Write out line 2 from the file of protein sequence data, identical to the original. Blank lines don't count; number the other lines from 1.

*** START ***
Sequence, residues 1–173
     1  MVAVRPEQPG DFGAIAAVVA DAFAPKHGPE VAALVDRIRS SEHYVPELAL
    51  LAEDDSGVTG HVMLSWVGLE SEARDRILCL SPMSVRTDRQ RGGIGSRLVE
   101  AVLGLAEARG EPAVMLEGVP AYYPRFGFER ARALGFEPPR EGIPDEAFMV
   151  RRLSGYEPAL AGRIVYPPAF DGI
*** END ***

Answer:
     1  MVAVRPEQPG DFGAIAAVVA DAFAPKHGPE VAALVDRIRS SEHYVPELAL